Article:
Those that follow Elon Musk on Twitter might be familiar with the above tweet that garnered the attention of the SEC (Securities and Exchange Commission) in August of 2018. Fortunately for Musk, he would only need to wait a year until Telsa's share price hit his $420 target on December 23rd of last year. While the Tesla CEO may have had his own issues securing funding, those in Washington have had no such problem as Congress moves to pass a bipartisan appropriations bill which would avert another government shutdown.
Attached to the bill itself, is a piece of bipartisan legislation called the Setting Every Community Up for Retirement Enhancement, or SECURE, act. The bill passed by Congress and signed by President Trump in December as part of a larger spending bill, has managed to stay off the radar of most major news outlets.
There are bull markets, there are bear markets and there are smiling mules. However, since the current U.S. bull market set a longevity record when it turned 10 years old this past March, equities have moved back and forth, sticking stubbornly to a narrow range. Rather than a bull or a bear, we think this market is more accurately described as a mule with a mind of its own.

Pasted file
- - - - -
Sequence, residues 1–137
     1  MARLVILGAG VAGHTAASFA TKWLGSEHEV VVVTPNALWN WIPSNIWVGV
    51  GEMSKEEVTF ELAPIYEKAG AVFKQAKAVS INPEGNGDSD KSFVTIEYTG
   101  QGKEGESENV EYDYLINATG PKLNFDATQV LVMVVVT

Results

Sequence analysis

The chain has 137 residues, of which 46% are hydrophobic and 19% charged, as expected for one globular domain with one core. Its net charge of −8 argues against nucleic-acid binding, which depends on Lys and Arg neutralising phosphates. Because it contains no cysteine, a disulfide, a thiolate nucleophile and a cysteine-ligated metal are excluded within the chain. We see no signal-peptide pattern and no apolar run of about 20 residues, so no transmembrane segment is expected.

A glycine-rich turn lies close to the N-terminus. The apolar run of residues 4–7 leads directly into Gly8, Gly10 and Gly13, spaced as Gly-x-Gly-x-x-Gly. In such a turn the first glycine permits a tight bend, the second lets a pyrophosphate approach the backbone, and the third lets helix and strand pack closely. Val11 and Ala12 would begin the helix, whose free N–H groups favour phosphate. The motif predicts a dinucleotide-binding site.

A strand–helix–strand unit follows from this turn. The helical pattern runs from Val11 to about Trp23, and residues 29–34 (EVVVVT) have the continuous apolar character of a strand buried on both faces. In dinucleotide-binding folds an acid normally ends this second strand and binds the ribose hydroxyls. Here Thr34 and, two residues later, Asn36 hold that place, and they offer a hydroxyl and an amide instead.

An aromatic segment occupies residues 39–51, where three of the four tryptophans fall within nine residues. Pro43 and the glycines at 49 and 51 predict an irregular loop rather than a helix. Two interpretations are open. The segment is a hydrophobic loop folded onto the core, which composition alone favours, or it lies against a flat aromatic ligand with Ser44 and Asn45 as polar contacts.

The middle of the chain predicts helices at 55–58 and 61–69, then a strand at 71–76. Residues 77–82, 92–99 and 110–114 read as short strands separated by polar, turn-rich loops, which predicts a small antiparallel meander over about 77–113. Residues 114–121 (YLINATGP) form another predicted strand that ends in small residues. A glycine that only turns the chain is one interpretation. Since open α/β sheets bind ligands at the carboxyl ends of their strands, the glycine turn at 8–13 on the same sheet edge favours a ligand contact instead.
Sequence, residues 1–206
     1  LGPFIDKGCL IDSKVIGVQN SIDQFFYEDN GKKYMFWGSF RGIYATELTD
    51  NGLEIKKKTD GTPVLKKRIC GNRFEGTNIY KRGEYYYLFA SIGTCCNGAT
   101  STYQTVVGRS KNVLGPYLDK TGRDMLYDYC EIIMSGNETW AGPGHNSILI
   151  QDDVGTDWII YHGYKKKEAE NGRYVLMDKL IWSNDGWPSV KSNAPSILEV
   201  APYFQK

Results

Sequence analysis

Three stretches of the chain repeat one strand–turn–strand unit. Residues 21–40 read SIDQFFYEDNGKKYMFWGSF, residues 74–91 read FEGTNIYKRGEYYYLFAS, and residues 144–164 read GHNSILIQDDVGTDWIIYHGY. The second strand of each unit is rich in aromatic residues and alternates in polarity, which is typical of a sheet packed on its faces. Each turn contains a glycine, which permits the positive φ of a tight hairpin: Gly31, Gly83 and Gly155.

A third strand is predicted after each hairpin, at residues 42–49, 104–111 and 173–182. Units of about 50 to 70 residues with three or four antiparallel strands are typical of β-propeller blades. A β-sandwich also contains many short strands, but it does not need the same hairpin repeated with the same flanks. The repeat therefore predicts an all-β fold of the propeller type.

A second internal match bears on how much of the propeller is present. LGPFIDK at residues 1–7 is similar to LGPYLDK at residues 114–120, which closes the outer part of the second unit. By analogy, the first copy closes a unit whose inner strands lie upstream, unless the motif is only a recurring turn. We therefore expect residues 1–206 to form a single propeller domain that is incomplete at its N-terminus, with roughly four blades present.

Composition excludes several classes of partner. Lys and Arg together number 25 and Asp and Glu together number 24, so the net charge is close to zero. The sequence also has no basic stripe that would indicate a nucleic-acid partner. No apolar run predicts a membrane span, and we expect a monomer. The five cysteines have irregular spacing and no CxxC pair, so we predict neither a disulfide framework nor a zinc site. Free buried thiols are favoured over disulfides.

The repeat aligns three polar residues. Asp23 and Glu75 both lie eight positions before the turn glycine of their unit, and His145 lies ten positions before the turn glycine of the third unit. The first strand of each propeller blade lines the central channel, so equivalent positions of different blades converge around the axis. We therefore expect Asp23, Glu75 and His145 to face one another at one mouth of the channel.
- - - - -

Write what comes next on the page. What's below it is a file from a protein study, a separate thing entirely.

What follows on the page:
Slowing global growth, an escalating trade war, emerging-market political risk and a less-accommodative-than-anticipated Federal Reserve (Fed) have conspired to generate a sharp pullback in the price of riskier investments. This has led to an unprecedented global bond rally as investors have sold out of stocks and searched for safety.
Recently, SEI Private Trust released a Research Commentary entitled, “Hawks, Doves and Greater Fools,” which we thought would be of interest. A summary of the conclusions is provided below:
What’s the value of tax-managed investing?
It’s funny, because it’s something we adopted and have been doing for our clients since 2002, but we still get this question a lot. The answer is simple: Tax-managed investing can be of immense value to high-profile clients in arts, entertainment and professional sports. In fact, thanks to relatively high capital gain rates, investment taxes can represent a larger drag on investment returns than fees or trading costs. The timing of cash flows and the gains or losses embedded in the portfolio can also affect the amount in taxes investors owe.